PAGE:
"He came back from Houston in the early '80s, and started a group called John Mosley and Jazz Ministry. We played at the Crawford Grill for a few years.

"It was a lot of fun because I was learning. I was inspired. We would play two or three times a week. But the music business wasn't flourishing here at that time. There were good musicians, but this was a smaller city."

Mr. Mosley often played with Roger Humphries' R.H. Factor, as well as with Nelson Harrison, Kenny Blake and Tony Campbell. He then went to San Francisco and then Philadelphia, where his sister lived, and took a job with the Department of Health and Human Services. He called his travels "wilderness wanderings."

In 1995, he returned to Pittsburgh and set about ridding himself of the drug addictions he'd fallen into on the road. He found his salvation in the former St. Francis Hospital and the Union Baptist Church in Swissvale, where he played in the brass section of the gospel group.

In 1997, Mr. Mosley joined Mr. Ford who was starting the Union Baptist Music Workshop, tutoring young musicians.

Asked what attracted him to gospel music, he said, "It moves me inside."

"Sunday was his day for church," his sister said. "But he would always do jazz. He was always pulling together a group and playing the clubs."

Survivors include a daughter, Nicole Mosley of New York City; sons, John Mosley III of Maryland and Jason Mosley of Texas; and two grandchildren.

Visitation is from 4 to 8 p.m. Wednesday at Spriggs-Watson Funeral Home, 720 N. Lang Ave., Homewood. A funeral will be held at 11 a.m. Thursday at Union Baptist Church in Swissvale.

Dan Majors: or 412-263-1456.

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Comment by Dr. Nelson Harrison on December 25, 2010 at 6:09pm
And it shall come to pass in that day that the great trumpet shall be blown, and they shall come which were ready to perish in the land of Assyria, and the outcasts of the land of Egypt, and shall worship the LORD in the holy mount at Jerusalem. ---Isaiah 27:13
Comment by Dr. Nelson Harrison on December 22, 2010 at 1:47am
Thank you Timm. You add an insightful and truthful perspective on the life of our departed brother that will enrich his legacy in the minds of those who knew him and those who are only now learning of him.
Comment by timm coxx on December 21, 2010 at 11:11am

Many years before Squirrel returned to the Burgh, in the late 70s, me and my cohorts at Slippery Rock State University and Point Park University would proudly discuss that John was our homeboy. We were bigtime Roy Ayers Ubiquity fans and Squirrel and his long-horned trumpet embellished the smooth funky jazz sounds of RoAyers music. I also recall in the early 80s when Squirrel would return from the road and play his many stints at the local clubs doing jazz at the time. Jazz thrived during the '80s in the Burgh, thanks to influences like WYEP Saturday morning radio led by Kevin Amos; and the original "JazzBurgher" columnist - the late Doug Drown of the Pittsburgh Courier, and at jam-session hotspots on the Hill, East Liberty, Homewood, North Side, Squirrel Hill, Shadyside, Oakland and the South Side. Um ramblin' -- but it's all in homage to brother John C. "Squirrel" Mosely. What a full life in exactly Sixty years! Happy Birthday "Squirrel" and may you forever, Rest In Peace. ---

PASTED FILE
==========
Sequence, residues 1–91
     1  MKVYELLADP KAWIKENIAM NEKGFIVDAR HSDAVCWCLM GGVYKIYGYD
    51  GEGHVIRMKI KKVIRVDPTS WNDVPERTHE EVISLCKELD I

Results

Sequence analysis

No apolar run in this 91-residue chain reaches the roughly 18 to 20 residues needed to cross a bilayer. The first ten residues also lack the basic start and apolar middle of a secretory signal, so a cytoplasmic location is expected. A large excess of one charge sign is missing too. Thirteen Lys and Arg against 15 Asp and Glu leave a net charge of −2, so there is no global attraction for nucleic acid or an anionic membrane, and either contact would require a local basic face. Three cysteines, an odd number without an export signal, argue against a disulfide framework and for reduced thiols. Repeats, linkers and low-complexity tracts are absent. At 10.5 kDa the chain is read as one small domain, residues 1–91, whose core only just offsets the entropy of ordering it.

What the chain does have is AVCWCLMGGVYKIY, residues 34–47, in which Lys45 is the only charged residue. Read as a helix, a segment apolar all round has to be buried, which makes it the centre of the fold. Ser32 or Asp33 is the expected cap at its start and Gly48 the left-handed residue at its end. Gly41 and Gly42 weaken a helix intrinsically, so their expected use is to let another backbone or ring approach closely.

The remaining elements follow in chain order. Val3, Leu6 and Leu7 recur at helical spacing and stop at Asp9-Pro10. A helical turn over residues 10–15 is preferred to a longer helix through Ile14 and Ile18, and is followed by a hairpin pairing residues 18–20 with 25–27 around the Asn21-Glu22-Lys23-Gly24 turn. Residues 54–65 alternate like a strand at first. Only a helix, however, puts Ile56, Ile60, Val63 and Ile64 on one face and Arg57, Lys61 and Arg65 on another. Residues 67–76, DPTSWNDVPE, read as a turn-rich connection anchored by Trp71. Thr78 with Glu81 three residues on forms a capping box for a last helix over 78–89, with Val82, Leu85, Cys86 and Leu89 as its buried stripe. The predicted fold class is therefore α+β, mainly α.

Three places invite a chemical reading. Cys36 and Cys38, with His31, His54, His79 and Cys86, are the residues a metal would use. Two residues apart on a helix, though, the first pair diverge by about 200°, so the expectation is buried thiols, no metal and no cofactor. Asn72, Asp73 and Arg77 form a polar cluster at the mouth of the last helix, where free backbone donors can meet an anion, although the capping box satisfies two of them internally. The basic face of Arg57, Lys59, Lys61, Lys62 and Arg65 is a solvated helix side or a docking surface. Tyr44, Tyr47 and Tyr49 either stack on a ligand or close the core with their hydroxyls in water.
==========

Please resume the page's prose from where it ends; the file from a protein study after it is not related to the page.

Comment by Roberta Windle on December 20, 2010 at 10:44pm

God rest your beautiful soul!

Comment by Dr. Nelson Harrison on December 20, 2010 at 9:46pm


There is a very nice obituary about him on the link below.


Visitation is from 4 to 8 p.m. Wednesday at Spriggs-Watson Funeral Home, 720 N. Lang Ave., Homewood. A funeral will be held at 11 a.m. Thursday at Union Baptist Church in Swissvale.

I am pretty sure that the funeral is at 11 AM and that there will be another viewing @ the church at 10 AM.

Union Baptist Church Of Swissvale 2117 Collingwood St, Pittsburgh, PA 15218-2525

This is the google link:

The church is close by Monongahela Ave - one of the main streets in Swissvale and I am pretty sure you can access it by the east busway.


Comment by Anthony (Tony) Janflone on December 20, 2010 at 6:46pm

I remember Squirrel from back in the day when I was in a group with Roger Humphries, Mike Taylor, & Rabbit Barnes. We played the Sunday afternoon jam session at the Aurora Club. He would always come and play with us. We got to know each other quite well. We always had a great time together. We talked about God and music. I'll miss him and his quick sense of humor.

God's blessings,

Tony Janflone

Comment by Felicia on December 20, 2010 at 2:37pm

I remember (Squirrel) and Kenny (Fish) Fisher taught my how to play the first 8 bars of 'My Funny Valentine' on the baritone a few years back when I hosted Jazz Workshop, Inc Talent Night on Homewood Ave.  Squirrel did the funniest Louie Armstrong impression. Sure will miss 'em..... Squirrel was one cool cat.

Comment by James Bridges on December 20, 2010 at 2:18pm

I will miss John (Squirrel) for me he was a treasured friend and could always make me laugh. We shared some great times together and I was always fascinated by his knowledge of music and his wonderful personality ...He will be missed musically but more importantly as a great human being.